2. Localism: Localism focuses on the development of the local production and consumption of goods and services. The localists’ viewpoints on India’s development emphasize on the local control of the government and the industrial sector. They are concerned with the issues that affect development in the country and to them; the Indian government should not rely on international organizations for support. The localists feel that Indians can develop their own economy by promoting agriculture as well as making use of the large population to obtain labor for their local industries. While international trade liberalization is encouraged as a remedy towards development, the Indian localists argue that trade should be restricted to the local goods and services in order to focus on local development.
  3. Critical feminists: The Indian feminists advocate for the recognition of women in development. From the different analyses carried out women have actively been contributing towards development through their participation in household economic activities and feminists are of the opinion that they should also participate in politics in order to reduce the high levels of corruption and create change in governance and this way the country will move towards development. Majority of the rural population is made up of women and when they are provided with education, they rare capable of making a difference in the country’s economy.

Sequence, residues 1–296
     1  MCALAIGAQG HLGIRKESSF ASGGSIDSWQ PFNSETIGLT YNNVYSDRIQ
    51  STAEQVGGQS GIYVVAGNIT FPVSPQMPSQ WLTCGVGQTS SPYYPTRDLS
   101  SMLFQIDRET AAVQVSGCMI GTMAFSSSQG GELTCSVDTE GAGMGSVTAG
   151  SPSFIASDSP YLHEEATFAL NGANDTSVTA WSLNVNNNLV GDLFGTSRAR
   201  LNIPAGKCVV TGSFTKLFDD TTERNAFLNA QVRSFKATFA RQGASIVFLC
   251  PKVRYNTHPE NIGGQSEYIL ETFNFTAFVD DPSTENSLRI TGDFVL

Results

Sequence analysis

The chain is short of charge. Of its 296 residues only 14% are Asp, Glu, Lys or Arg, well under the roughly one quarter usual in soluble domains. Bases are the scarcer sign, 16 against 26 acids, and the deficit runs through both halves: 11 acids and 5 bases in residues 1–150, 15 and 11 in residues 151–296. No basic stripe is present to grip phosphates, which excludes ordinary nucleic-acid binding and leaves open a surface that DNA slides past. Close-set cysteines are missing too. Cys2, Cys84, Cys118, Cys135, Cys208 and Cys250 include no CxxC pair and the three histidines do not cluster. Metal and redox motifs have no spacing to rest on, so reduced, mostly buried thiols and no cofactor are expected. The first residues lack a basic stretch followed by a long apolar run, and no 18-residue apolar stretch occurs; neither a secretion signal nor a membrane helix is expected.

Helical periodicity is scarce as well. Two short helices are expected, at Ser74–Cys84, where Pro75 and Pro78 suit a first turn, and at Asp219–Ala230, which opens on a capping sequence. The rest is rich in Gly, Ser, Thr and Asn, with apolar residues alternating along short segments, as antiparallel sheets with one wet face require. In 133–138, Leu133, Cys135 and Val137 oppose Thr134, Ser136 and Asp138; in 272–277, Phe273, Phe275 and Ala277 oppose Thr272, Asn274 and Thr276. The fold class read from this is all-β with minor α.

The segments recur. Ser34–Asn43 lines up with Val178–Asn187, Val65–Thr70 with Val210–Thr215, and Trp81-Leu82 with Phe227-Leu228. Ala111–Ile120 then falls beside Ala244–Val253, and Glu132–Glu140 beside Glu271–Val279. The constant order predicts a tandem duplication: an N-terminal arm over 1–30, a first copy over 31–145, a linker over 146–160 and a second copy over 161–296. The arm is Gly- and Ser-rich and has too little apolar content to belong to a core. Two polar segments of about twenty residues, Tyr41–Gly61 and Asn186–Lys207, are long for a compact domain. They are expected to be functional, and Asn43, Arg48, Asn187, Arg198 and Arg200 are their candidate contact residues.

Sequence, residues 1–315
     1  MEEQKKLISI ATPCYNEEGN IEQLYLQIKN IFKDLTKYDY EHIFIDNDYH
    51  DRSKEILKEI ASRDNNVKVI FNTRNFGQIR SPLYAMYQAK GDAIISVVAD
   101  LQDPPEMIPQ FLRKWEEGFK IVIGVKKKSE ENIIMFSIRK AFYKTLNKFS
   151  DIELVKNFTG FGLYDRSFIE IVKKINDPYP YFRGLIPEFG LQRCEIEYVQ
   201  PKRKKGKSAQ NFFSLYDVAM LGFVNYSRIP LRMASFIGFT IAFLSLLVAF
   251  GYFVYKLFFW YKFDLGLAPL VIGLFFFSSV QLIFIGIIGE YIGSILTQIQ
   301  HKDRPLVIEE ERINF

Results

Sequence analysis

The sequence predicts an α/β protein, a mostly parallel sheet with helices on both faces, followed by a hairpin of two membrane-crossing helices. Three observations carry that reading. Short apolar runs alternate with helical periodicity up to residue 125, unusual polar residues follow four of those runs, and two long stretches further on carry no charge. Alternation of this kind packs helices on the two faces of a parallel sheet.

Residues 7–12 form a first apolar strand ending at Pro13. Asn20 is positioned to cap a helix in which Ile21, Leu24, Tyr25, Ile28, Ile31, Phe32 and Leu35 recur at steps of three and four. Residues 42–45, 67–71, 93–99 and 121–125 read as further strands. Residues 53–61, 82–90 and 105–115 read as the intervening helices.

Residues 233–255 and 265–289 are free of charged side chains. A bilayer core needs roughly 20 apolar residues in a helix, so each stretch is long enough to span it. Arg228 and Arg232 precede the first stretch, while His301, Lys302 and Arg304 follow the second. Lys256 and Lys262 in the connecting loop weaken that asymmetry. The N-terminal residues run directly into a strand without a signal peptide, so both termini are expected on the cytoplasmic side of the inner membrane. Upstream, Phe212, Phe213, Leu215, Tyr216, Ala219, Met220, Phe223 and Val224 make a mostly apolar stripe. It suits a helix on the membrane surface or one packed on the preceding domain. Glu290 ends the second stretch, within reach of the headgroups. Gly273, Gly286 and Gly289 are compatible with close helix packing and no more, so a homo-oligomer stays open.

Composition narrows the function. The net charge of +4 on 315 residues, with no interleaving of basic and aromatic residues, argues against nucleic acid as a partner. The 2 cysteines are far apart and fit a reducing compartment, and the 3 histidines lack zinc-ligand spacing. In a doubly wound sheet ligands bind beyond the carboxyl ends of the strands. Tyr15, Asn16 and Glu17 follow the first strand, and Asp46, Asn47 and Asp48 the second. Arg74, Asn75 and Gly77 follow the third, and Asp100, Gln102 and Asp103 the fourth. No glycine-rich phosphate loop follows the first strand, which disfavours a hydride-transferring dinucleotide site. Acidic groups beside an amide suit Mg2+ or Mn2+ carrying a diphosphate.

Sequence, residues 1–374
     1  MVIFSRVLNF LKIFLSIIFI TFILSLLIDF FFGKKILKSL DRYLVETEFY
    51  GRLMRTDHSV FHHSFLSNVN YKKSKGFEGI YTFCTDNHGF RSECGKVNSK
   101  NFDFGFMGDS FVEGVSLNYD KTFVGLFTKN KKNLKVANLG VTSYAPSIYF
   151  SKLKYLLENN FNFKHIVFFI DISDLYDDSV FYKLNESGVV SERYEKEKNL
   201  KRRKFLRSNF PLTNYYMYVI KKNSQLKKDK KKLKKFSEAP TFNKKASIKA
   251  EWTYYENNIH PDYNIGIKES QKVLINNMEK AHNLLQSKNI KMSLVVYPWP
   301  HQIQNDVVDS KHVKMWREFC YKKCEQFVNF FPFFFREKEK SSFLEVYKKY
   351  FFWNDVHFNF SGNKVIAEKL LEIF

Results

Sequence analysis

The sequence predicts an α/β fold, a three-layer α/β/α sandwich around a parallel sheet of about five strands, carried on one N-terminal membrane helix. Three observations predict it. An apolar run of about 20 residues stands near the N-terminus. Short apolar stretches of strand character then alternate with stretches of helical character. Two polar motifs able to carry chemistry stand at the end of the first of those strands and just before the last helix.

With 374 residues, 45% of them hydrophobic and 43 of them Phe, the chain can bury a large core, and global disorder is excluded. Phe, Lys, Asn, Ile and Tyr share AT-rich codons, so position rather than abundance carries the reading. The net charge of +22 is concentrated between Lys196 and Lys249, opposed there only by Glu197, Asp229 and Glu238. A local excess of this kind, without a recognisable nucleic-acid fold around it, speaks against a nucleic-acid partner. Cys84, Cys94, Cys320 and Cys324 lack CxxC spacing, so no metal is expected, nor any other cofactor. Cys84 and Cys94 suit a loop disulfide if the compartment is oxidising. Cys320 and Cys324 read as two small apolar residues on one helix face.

4. Religious perspective: India’s population is dominated by Hindus who have a strong belief in sustenance and co-operation. Most Indians who are guided by their religious beliefs argue that it is through sustaining development that the country may advance. Religious aspects need to be taken into consideration while enhancing the country’s development in order to ensure that there is co-operation from the different communities and there is a positive attitude towards the development strategies implemented.

Conclusion

From the trends of development in India, it is clear that there is still need to work on the domestic industries, growth. This is one way to ensure that the country is developing as it also experiences economic growth. Moreover, the country needs to work towards rural development since most people are in the rural areas. This also means working towards rural industrialization and making use of agriculture to promote the local industries. The country is capable of promoting its domestic industries because it has available resources in terms of labor and the raw materials as well as financial support from the World Bank. Therefore, by focusing on domestic industrialization, the country will promote its economic development.